- Supervising Directors: Ben Sharpsteen and Hamilton Luske
- Sequence Directors: Bill Roberts, Norman Ferguson, Jack Kinney, Wilfred Jackson, and T. Hee
- February 7, 1940 (Center Theatre) / February 23, 1940 (US)
- Based on the 1883 Italian children’s novel The Adventures of Pinocchio by Carlo Collodi
- Pinocchio, Alexander-Dickie Jones
- Geppetto-Christian Rub
- Jiminy Cricket-Cliff Edwards
- Gideon (hiccoughs)-Mel Blanc
- Donkeys-Billy Bletcher, Dal McKennon, and Jack Mercer
- Carnival Barkers-Don Brodie, John McLeish, and Stuart Buchanan
- J. Worthington Foulfellow-Walter Catlett
- Birds-Marion Darlington
- Lampwick-Frankie Darro
- Children-Virginia Davis
- Wooden Russian Soldiers Puppets-Walt Disney
- Stromboli, The Coachman-Charles Judels
- Figaro, Rough House Statue, Donkeys-Clarence Nash
- Marionettes-Patricia Page
- Monstro-Thurl “Tony the Tiger” Ravenscroft
- The Blue Fairy-Evelyn Venable
A living puppet, with the help of a cricket as his conscience, must prove himself worthy to become a real boy.
Pinocchio is the fun and fanciful Disney tale of a marionette who must follow his conscience and do the right thing in order to become a real boy rather than just be a golem for Geppetto to play pretend with. I know I made that a little dark but hold on this may get worse for you.
From an animation standpoint this is just a beautiful film. It is something that is true for all of the old Disney films. Heck, most hand drawn animated features are art. That’s why they look as good today as they did whenever they were actually made. This particular feature was especially important to get right as it was the follow-up to Snow White and the Seven Dwarfs and visually they accomplished that in spades.
There are themes of loyalty and friendship and family as is often the case in older Disney films. There’s no attempt to be ironic but rather present a story with a soft moral core. I applaud the effort though I think at times it falls a little short.
In the story Geppetto makes a wish for his newly crafted marionette to be a real boy and a Blue Fairy comes along to grant that wish but not necessarily all the way. In other words he gets a golem and not a boy. Pinocchio is not human but he must follow his conscience-a talking cricket named Jiminy-and do the right thing in order to become a real boy because “if he cannot be good then he’s no better than wood.” That sounds a bit harsh, but you could take the moral away as if you can’t find it in yourself to do the right thing when you’re a problem and you will bring problems.
Pinocchio itself is just a series of short adventures. Pinocchio keeps taking the easy path and ignoring his conscience and going off and doing the wrong thing which always makes trouble. In one instance he listens to this one kid named Lampwick and goes off to Pleasure Island which is a magical and evil trap that turns children into donkeys for to be sold into slave labor.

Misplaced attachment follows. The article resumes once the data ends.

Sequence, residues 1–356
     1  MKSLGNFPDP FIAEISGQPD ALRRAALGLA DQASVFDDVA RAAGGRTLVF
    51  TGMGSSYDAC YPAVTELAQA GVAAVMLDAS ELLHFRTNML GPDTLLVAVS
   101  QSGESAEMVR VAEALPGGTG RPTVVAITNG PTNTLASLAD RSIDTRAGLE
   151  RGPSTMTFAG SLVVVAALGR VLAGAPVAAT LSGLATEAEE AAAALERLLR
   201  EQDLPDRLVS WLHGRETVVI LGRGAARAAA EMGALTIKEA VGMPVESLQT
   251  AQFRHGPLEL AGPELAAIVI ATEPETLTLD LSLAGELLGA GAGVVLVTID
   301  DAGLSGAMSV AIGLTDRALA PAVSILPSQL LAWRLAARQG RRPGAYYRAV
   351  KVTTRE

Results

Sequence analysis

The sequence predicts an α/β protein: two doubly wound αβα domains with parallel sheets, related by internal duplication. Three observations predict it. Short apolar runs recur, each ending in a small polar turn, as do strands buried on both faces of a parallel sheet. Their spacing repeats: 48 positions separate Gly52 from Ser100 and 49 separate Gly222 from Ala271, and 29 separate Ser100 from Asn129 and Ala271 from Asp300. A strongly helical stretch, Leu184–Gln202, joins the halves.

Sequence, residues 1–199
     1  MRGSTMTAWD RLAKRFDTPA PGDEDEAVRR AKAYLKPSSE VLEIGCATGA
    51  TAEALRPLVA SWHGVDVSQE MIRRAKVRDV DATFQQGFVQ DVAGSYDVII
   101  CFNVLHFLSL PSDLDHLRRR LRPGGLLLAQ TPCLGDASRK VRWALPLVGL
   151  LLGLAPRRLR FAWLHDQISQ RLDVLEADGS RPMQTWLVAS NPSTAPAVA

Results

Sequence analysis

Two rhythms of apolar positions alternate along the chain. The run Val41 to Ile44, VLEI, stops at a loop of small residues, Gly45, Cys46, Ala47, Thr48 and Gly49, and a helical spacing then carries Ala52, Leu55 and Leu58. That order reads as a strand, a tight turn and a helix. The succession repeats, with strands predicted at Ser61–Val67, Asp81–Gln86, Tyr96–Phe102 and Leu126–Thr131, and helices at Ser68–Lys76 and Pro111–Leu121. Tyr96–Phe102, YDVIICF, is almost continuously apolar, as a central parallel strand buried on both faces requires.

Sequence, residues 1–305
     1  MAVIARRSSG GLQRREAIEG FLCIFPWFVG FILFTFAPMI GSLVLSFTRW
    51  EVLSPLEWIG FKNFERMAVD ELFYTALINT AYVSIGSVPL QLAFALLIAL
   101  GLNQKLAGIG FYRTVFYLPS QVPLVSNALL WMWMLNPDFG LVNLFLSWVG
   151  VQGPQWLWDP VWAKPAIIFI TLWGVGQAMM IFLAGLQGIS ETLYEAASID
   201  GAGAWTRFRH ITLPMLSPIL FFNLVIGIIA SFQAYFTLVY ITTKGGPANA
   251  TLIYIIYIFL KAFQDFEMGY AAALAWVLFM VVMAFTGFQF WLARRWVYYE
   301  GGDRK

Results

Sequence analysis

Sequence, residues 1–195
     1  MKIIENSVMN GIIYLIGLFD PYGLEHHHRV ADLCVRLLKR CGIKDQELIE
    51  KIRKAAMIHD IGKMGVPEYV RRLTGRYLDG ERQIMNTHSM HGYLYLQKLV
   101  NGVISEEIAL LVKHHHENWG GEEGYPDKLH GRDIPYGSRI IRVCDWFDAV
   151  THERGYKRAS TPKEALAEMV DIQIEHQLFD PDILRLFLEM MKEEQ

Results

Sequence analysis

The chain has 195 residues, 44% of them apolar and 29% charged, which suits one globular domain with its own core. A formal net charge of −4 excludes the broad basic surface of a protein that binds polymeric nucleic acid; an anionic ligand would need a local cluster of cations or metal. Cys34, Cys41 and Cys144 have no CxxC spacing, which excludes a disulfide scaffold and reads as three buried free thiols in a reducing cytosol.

Pinocchio escapes after being partially transformed and returns home and has to go and search out Geppetto and save him from a giant whale which is one of the better old-school Disney animated sequences. The thing is he never goes back and helps the kids that are trapped on Pleasure Island nor does he even alert the authorities or bring it up to Geppetto. He just leaves them to their fate.
And there’s one thing that really bothers me and that the child is crying can still talk. He is crying and begging to go home to his mother. That bothered me as a kid and it bothers me now because Pinocchio must do the right thing and I would presume the right thing in this case would be the help those that are trapped. Nope. Screw that!
Once he is okay he does not give the plight of others another thought. Is the message to worry only about yourself and not others? That is not a very good moral. Always worrying about yourself and nobody else is very selfish.
“When You Wish Upon A Star,” which became a major hit, was introduced in this very film. The song is a classic that is as much identified with this movie as it is with the Disney company itself.
Despite my issues I can find enough to enjoy it in it. It’s a trip back to a simpler time in animated movie making when the world was less cynical and more idealistic. The directing is great and the animation is solid. And for what it is the script is good. It is a perfect encapsulation of what Disney was at the time as well as what people think of when they think Disney.
Pinocchio is a classic piece of Disney animation that goes down not quite as easy with the cynicism of adulthood setting in but it is still quite enjoyable. Pop it in or stream it and take a trip back to your child because you will enjoy.